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Northwestern Georgia (with portions of the adjoining States of Tennessee and Alabama) : being part of the Department of the Cumberland

U.S. Army Map of Northwestern Georgia, 1863

Two Centuries of Travel through Georgia, 1775-1976

from: Lines that Fracture and Fade

The Civil War seriously taxed America’s mapmaking capacities. The rapid advances in cartographic printing under companies like S. Augustus Mitchell’s were still no match for the demands of supplying up-to-date information on American roads and topography to armies in the field. The United States thus had to mobilize whole departments in the Army Corps of Engineers and the War Bureau to produce maps. The development of lithographic printing greatly aided this mobilization, with stone more quickly and easily accepting the information from manuscript maps that the more laborious steel plates of the antebellum age. The United States had its own lithographic presses but still needed to contract with commercial firms such as Julius Bien and Company in New York, who produced this map.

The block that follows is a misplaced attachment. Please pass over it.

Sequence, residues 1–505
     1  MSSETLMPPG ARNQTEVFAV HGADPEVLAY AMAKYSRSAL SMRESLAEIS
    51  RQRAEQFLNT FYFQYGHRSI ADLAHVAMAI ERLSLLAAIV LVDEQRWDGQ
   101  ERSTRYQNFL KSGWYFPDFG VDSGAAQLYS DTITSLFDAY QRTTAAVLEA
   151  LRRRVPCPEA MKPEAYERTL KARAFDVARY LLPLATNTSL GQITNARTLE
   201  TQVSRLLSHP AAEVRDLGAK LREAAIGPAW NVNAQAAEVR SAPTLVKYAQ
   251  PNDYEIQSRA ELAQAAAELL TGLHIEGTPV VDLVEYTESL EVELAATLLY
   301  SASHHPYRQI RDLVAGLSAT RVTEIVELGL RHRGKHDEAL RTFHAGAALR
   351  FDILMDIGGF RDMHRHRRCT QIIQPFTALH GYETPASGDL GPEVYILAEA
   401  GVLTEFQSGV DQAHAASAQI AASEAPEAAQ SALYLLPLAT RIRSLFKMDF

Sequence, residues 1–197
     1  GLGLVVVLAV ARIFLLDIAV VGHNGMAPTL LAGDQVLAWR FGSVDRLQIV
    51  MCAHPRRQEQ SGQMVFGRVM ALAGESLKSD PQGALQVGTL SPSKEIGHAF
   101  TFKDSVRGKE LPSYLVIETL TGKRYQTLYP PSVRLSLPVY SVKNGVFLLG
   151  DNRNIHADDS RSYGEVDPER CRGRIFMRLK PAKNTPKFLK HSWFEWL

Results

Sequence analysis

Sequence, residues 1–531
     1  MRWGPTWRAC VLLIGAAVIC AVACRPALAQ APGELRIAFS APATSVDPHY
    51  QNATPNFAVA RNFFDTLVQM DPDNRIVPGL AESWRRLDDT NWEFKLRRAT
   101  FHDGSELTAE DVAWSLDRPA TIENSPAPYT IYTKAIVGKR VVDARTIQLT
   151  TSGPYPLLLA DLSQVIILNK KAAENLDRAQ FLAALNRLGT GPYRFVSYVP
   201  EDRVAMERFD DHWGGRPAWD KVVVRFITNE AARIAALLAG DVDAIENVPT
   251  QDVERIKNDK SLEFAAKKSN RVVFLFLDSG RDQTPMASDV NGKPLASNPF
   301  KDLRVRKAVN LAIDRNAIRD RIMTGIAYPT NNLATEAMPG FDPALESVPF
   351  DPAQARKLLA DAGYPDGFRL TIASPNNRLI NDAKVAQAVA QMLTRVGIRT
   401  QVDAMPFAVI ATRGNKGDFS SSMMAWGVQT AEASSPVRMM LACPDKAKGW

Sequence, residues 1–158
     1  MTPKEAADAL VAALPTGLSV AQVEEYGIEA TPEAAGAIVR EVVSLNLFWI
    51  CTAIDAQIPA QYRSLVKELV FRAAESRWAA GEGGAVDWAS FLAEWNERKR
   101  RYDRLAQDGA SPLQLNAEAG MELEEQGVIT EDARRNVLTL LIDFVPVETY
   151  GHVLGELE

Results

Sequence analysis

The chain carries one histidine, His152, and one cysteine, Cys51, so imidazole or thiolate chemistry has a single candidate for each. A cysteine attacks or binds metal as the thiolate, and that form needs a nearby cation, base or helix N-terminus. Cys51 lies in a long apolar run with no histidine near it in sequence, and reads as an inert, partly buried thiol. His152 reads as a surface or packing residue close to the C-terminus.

Part of a collection of campaign maps the Newberry acquired as part of the collections of Union General Orville Babcock, this map and the others in the Babcock papers demonstrate the speed of such productions, with this map containing printed 1864 updates to a 1863 base map of northwestern Georgia. It was perhaps the most detailed map of this area of Georgia up to this point. Certainly it was the most detailed map of Georgia made since William Bonner’s 1851 Map of the State of Georgia. The careful attention paid to secondary roads and small towns provides a rich detail of where people lived and how they moved through the state in the middle decades of the nineteenth century.